8 year car loan

Car loans stretch to 8 years Three to five years is fairly standard for a car loan. But a couple of independent finance companies out West are offering 96-month paper. That's
right, 8-year car loans.
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Sounds like a stupid thing to me. All that interest. And for about 7 1/2 years, it costs more to repay the loan than the car is worth.
Jeff

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Realistically if you can't afford the payments on the car at 48 months or less then you can't afford the car. It's really that simple.
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Simply pathetic to go into hock for a car that long. Better plan on keeping it awhile otherwise you can get in real deep! If it is wrecked, the insurance company is only obligated to pay for the current value of the car, not what the poor sucker owes in financing. Better take a step back and see if they really need that $35,000 monster truck or $40,000 suv. John

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Just think in a few years there may be a 30 year loan! Your kida can pay it off after you kick the bucket!

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Ford has a special promo here in the NY metro area for the Explorer. 0% financing for 6 years. I don't know if its the same nationwide but just thought I pass this along.
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Same deal here in the Philly area for leftover 2003 Taurus's.

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snipped-for-privacy@att.net says...

Cars today hold up much better than they did in the past. I see many 10+ year old cars that are in very good condition. Before the mid 80's, a 10- year old car would probably be a rattling, leaky rust bucket. Today, even with minimal or no maintenance, a car can hold up pretty well. I do worry about the last few years, with automakers squeezing suppliers to cut prices. Quality and durability will be one of the first things to go. Even computer modeling to design parts 'just enough' to hold up during the warranty doesn't help.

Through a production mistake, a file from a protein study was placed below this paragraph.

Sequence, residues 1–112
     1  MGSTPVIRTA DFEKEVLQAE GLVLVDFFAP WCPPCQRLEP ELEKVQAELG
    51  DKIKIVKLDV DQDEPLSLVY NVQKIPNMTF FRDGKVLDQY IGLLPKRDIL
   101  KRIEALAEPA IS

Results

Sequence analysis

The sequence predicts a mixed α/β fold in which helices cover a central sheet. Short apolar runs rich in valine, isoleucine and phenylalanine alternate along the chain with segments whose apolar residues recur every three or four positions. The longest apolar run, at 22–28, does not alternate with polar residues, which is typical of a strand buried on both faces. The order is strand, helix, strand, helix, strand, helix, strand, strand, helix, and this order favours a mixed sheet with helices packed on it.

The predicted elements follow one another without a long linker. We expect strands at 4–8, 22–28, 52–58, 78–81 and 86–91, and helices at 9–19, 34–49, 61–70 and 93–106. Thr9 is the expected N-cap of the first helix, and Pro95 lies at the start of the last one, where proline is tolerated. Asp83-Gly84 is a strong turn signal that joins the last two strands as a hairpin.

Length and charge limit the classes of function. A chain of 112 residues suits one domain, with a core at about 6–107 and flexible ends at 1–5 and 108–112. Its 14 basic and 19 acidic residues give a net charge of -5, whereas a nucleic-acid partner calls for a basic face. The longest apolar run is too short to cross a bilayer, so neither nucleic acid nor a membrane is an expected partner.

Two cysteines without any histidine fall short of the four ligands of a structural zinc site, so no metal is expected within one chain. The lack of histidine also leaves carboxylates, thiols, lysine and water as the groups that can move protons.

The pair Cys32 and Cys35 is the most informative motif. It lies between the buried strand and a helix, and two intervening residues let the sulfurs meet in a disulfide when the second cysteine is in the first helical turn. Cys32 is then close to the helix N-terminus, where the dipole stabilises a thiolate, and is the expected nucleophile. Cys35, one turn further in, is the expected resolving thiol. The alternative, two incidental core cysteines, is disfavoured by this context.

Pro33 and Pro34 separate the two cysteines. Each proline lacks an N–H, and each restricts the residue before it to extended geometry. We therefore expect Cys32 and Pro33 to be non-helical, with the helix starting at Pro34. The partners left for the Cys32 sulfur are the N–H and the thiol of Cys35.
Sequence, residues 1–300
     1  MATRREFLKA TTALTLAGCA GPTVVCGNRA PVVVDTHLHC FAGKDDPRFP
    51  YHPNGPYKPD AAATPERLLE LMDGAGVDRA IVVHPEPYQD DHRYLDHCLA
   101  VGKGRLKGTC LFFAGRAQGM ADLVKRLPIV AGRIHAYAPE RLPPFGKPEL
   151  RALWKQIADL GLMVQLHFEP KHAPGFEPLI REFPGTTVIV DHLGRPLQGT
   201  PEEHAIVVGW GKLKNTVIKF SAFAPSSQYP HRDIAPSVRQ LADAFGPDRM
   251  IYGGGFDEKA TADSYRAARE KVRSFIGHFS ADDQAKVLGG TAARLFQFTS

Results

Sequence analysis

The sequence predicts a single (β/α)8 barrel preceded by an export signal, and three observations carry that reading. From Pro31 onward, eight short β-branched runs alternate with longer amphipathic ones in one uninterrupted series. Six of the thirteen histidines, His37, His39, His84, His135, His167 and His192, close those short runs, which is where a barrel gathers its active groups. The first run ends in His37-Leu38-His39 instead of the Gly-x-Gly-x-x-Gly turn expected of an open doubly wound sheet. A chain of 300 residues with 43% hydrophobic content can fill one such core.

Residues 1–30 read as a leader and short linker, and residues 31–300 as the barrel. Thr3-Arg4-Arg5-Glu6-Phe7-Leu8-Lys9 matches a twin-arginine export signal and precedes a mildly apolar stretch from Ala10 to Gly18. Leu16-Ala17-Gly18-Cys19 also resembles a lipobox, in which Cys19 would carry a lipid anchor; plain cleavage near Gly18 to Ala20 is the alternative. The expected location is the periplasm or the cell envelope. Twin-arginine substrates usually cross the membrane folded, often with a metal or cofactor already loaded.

I've read articles over the years showing that the average life of a car, and how long people hold onto their own cars, keeps hitting records every year. Found one link here. Shows it's nearly 9 years now: http://www.ott.doe.gov/facts/archives/fotw253.shtml http://www.ott.doe.gov/facts/archives/fotw253supp.shtml
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On Sat, 27 Sep 2003 15:08:49 -0500, Andrew Rossmann

Lets see.. My father owns a 1986 Ford Ranger with 350k miles on it.. He's replaced a water pump, and his universal twice. No other mechanical problems, he drives it to work every day. It's just now getting to the point where he has to baby it to keep it running.
My grandfather owned a 1976 Ford F150 Ranger, that he bought new, and kept it until 1997, when sold it outright for $1500US cash, then bought a new 1998 F-150, which he then traded in again last November for a 2003 F-150.
My folks also bought a 1984 Crown Vic, drove it off the showroom floor, and kept it until 1997, traded it for a used 1995 Thunderbird, for $15,000US which began developing problems within months, so they sold it for $13kUS, and bought a little right-hand-drive Suburu wagon (my mother was a mail carrier). Me, on the other hand, I go through cars like a hot knife through butter :/ (in 93, they bought a Probe for me, which had tranny problems, kept it until 96, when I traded it in on a 1991 Mazda MX6.. kept it until 2001, when it caught fire, bought the 1993 Taurus LX 3.8L for 2k, a year later it started having tranny problems, then I bought a 1995 Rodeo last year, and kept the Taurus as a backup vehicle (I was delivering newspapers with it, thats pretty hard on transmissions, especially front- wheel-drive, as most of my route was dirt roads) Got married in March, my wife didn't have anything to drive, so she now drives the Rodeo, and I'm driving the clunker of a Taurus, but I wouldn't trade it for anything...
Chuck
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